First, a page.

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NAFDAC rejects plans to remove drug matters from exclusive list

By Chioma Obinna

The National Agency for Food and Drug Administration and Control, NAFDAC, has rejected recommendation by Governor Nasir el-Rufai-led reform panel’s proposal to move drug matters presently on the Exclusive List (item 21 of part I of the second schedule of the 1999 Constitution) to the concurrent list.

In a press statement signed by the Director- General of NAFDAC, Prof. Mojisola Christianah Adeyeye on the proposed decentralisation of drug regulation in Nigeria, the agency declared that such recommendation portends great danger for the nation.


According to Adeyeye, the reasons for placing drugs and poisons on the exclusive legislative list by countries are to ensure firm control on drugs and drug-related matters by the Federal Government.

Cautioning further on such moves, she said other reasons for placing drugs and poisons on the exclusive legislative list by countries was to ensure prescription and enforcement of grades and minimum standards of quality for drugs and drug products and prevention of drug misuse and abuse by central regulatory control on substances of abuse.

“It also ensures the protection of patent rights for innovators of medicines to prevent infringement and promote data exclusivity; entrenchment of a rational and properly structured drug distribution system; enhancement of compliance with Trade-Related aspects of Intellectual Property Rights (TRIPS) agreement and strengthening of regulatory mechanisms in line with globalization and medicines regulatory harmonisation.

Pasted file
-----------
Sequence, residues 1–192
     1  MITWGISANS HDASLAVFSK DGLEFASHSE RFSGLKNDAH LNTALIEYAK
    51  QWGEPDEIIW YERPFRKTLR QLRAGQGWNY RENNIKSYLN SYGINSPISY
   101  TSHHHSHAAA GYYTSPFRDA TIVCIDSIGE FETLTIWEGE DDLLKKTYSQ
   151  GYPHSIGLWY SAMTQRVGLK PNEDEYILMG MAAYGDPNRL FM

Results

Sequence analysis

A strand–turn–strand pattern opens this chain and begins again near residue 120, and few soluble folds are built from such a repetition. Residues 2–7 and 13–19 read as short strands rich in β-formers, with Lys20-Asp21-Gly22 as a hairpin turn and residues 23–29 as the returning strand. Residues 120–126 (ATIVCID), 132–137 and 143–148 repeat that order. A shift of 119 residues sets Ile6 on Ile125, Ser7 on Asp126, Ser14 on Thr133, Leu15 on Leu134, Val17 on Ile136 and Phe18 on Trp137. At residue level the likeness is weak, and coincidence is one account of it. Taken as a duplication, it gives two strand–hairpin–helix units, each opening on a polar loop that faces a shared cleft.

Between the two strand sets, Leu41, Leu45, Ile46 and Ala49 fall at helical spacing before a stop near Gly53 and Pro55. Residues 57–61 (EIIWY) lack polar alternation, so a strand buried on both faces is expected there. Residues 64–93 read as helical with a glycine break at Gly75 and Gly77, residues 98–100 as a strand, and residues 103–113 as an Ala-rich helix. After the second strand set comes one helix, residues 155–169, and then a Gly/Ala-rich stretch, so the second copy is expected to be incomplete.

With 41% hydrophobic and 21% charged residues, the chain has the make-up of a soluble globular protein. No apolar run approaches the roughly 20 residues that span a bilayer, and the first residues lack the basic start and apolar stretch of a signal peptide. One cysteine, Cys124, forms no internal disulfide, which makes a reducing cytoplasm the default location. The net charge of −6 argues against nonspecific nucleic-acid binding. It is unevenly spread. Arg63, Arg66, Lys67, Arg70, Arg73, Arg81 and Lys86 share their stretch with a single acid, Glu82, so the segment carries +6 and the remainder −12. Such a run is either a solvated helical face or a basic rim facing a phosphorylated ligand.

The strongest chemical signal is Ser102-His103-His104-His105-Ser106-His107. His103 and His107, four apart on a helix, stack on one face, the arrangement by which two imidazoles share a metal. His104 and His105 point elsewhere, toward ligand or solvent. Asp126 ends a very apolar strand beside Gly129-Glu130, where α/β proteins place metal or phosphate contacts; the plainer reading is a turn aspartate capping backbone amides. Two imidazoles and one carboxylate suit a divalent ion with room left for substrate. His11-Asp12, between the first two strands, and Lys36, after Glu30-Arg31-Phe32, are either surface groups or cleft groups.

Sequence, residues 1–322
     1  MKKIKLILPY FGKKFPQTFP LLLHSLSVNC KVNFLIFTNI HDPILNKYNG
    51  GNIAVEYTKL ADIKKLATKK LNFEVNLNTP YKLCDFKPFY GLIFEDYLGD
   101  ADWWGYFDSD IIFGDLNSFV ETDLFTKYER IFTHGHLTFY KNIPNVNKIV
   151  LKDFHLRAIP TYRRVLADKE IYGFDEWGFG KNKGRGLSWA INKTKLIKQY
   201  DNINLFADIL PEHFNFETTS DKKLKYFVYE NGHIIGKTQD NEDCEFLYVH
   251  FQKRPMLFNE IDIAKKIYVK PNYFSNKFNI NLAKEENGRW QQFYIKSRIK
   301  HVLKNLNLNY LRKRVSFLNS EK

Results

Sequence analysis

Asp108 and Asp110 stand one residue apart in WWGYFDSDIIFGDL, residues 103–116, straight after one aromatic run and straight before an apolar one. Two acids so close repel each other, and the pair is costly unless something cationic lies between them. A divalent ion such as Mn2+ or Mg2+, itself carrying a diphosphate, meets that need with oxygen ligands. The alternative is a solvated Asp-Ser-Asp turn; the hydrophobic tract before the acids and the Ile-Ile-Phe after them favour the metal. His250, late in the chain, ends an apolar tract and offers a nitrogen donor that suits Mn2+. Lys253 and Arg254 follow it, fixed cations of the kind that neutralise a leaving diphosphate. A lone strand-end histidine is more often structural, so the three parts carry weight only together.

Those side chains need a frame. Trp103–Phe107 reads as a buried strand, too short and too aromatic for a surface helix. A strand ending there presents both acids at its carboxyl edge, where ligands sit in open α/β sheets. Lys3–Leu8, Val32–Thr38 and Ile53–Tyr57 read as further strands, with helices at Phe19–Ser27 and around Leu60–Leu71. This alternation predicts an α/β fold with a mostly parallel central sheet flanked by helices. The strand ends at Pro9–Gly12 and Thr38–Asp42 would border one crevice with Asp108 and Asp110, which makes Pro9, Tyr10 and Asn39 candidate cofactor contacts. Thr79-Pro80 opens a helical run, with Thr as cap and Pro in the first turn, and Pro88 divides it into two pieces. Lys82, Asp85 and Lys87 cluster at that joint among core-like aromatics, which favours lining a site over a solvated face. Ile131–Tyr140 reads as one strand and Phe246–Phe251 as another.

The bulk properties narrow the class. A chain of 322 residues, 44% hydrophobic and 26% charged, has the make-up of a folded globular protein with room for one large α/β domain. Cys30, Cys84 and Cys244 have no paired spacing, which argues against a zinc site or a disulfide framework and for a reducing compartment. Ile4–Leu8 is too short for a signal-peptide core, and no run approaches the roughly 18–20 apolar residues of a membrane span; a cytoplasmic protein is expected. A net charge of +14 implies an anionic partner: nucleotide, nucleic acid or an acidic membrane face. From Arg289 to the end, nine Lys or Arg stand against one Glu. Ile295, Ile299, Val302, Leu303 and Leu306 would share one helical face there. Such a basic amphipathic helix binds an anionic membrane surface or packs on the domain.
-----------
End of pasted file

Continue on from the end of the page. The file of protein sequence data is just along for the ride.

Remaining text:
“No nation ever compromises the well-being of its citizens by way of liberalising and decentralising medicine legislation.  A thorough analysis of global best practices showed that where regulatory controls are placed on the exclusive legislative list, the prevalence of counterfeiting and other drug-related vices are at the lowest ebb.

Adeyeye further explained that the nation has over the years put in place several policies and measures to ensure drug security and improve healthcare delivery in the country.

“Some of these measures include a national Drug policy which is targeted amongst other objectives to make available at all times to the Nigerian populace adequate supplies of drugs that are effective, affordable, safe and of good quality.

“The country is also putting a lot of effort to strengthen administrative, legislative, and regulatory controls of the importation, exportation, manufacture, procurement, storage, distribution, supply, advertisement, sale and use of drugs in tandem with global best practice as obtained all over the world,” she stated.


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